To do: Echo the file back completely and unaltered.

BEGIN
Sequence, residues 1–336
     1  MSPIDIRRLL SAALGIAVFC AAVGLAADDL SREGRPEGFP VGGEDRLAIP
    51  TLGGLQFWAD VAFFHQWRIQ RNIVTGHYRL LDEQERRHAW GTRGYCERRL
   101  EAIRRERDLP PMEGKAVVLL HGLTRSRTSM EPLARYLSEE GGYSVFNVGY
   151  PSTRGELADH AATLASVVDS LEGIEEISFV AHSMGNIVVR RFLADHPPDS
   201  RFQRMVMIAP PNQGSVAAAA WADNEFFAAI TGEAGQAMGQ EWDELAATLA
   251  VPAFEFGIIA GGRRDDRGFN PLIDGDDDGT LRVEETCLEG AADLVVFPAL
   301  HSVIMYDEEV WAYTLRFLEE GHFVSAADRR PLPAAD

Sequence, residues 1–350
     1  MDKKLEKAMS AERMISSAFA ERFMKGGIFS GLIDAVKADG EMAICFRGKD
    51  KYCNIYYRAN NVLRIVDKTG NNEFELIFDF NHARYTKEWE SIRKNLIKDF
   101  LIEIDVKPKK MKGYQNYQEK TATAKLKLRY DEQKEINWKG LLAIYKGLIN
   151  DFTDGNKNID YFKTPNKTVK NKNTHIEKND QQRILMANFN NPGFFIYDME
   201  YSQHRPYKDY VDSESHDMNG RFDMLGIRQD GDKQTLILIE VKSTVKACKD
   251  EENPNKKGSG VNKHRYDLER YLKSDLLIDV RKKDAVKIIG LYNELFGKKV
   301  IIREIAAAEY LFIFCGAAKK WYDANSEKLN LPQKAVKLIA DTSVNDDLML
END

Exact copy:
Sequence, residues 1–336
     1  MSPIDIRRLL SAALGIAVFC AAVGLAADDL SREGRPEGFP VGGEDRLAIP
    51  TLGGLQFWAD VAFFHQWRIQ RNIVTGHYRL LDEQERRHAW GTRGYCERRL
   101  EAIRRERDLP PMEGKAVVLL HGLTRSRTSM EPLARYLSEE GGYSVFNVGY
   151  PSTRGELADH AATLASVVDS LEGIEEISFV AHSMGNIVVR RFLADHPPDS
   201  RFQRMVMIAP PNQGSVAAAA WADNEFFAAI TGEAGQAMGQ EWDELAATLA
   251  VPAFEFGIIA GGRRDDRGFN PLIDGDDDGT LRVEETCLEG AADLVVFPAL
   301  HSVIMYDEEV WAYTLRFLEE GHFVSAADRR PLPAAD

Sequence, residues 1–350
     1  MDKKLEKAMS AERMISSAFA ERFMKGGIFS GLIDAVKADG EMAICFRGKD
    51  KYCNIYYRAN NVLRIVDKTG NNEFELIFDF NHARYTKEWE SIRKNLIKDF
   101  LIEIDVKPKK MKGYQNYQEK TATAKLKLRY DEQKEINWKG LLAIYKGLIN
   151  DFTDGNKNID YFKTPNKTVK NKNTHIEKND QQRILMANFN NPGFFIYDME
   201  YSQHRPYKDY VDSESHDMNG RFDMLGIRQD GDKQTLILIE VKSTVKACKD
   251  EENPNKKGSG VNKHRYDLER YLKSDLLIDV RKKDAVKIIG LYNELFGKKV
   301  IIREIAAAEY LFIFCGAAKK WYDANSEKLN LPQKAVKLIA DTSVNDDLML